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We released a flexible cancellation policy for all our clean and serviced apartments and 50% off for all 14+ day self-quarantine stays.
Back in August, we wrote about our exciting new initiative, One Percent For A Roof, whereby 1% of all partners’ sales goes towards giving people in under-developed countries better housing options. We hope to set an example for others in the corporate housing industry. Because, while 1% of our profit goes a long way, 1% of the entire industry can change many lives in impoverished nations around the world.
Here are just a few of the recent projects and families One Percent for A Roof has helped.
When Amarelisa’s wooden stilt house needed fixing her husband and she did the best they could. For a while her husband’s carpentry skills got them by, but after they lacked the resources to keep building. Nails and wood, the building blocks of her house improvement took the backseat to food for her children. The city of the Bilwi offered little in employment. Yet a modest $400 loan has given Amarelisa a new lease on life and a new home for her and her family.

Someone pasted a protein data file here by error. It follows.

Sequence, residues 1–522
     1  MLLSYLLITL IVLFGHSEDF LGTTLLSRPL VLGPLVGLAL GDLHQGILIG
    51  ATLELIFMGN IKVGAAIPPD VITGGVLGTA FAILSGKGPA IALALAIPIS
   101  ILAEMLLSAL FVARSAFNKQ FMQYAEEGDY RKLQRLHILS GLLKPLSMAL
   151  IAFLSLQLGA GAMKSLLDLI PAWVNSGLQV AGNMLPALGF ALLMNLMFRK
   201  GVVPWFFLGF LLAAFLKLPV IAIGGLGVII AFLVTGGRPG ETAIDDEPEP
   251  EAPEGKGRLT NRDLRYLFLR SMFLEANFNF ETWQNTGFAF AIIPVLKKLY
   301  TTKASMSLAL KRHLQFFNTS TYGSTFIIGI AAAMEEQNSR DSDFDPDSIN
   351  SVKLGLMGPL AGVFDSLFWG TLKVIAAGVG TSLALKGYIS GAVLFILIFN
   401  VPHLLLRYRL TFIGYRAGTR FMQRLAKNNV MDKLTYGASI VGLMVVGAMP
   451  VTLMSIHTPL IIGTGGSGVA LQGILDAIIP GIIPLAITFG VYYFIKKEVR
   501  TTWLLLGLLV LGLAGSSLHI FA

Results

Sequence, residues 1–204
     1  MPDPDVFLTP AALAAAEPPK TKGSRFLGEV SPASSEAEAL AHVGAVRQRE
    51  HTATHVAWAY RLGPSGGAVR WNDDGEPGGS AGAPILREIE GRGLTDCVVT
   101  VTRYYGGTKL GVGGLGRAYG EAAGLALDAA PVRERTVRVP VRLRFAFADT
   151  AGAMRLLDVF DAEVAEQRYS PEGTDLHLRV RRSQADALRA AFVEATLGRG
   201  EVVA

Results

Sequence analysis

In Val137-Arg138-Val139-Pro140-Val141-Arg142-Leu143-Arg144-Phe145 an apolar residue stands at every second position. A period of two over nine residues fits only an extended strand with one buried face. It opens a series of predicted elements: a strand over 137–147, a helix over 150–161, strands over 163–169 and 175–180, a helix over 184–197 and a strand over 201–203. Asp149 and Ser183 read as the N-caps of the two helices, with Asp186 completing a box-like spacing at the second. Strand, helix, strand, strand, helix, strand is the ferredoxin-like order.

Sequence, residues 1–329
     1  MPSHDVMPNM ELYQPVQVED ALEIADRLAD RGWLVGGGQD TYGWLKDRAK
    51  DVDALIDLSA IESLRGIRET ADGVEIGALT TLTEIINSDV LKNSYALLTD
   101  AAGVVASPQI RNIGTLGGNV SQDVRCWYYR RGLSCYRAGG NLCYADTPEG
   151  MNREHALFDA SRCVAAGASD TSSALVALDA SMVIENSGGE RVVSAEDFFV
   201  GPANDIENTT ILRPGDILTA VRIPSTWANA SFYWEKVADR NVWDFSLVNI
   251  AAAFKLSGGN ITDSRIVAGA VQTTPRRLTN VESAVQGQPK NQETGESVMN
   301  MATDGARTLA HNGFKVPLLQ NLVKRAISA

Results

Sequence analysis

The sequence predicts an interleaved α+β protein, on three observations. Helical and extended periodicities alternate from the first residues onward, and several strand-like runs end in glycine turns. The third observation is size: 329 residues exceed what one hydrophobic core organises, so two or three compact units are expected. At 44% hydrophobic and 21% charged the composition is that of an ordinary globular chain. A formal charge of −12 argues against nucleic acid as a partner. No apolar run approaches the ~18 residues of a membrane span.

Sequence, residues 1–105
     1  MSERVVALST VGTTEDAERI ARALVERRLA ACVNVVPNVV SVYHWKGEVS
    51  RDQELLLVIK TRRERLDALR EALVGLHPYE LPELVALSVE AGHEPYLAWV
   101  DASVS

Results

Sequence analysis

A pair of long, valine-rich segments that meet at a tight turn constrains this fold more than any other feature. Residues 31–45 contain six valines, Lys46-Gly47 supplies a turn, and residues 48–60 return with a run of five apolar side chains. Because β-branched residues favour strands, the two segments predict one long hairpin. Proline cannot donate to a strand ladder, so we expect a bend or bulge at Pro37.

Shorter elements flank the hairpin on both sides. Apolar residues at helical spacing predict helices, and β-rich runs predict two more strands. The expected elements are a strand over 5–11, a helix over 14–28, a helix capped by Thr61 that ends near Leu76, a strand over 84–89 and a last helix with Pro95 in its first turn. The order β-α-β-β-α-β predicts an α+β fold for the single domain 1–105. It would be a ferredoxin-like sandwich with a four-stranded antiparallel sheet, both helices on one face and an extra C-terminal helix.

In the impoverished city of Solola, Guatemala, Lucia had been working on the construction on her family’s home for nearly a year, but the high cost of materials and low wages in her city meant an unfinished home. Rooms exposed to the elements caused her family great distress. Her children’s school grades were affected due to poor sleep quality. Her husband would find himself getting sick more frequently as a result of a lower immune system. With a $750 loan, that she has already begun to pay back, not only was Lucia able to return her family’s lives to normal – she can guarantee them a better future.
From a young age, Johana who is now 33 years old, carefully watched her mother’s meticulously work away on their family’s sewing machine. Day in and day out, her mother would sew clothes for Johana’s younger siblings. One day, Johana sought sewing lessons from her mother to better serve herself through life. Little did she know that day would forever change the course of her life. Johana now produces beautiful bedsheets, lustrous curtains, and repairs tarnished clothing for locals in her village. Yet despite her best efforts, Johana was unable to provide a suitable bathroom for her children. The loan she has received has afforded her stone, sand, cement, and ceramic – the essentials of construction and better housing options.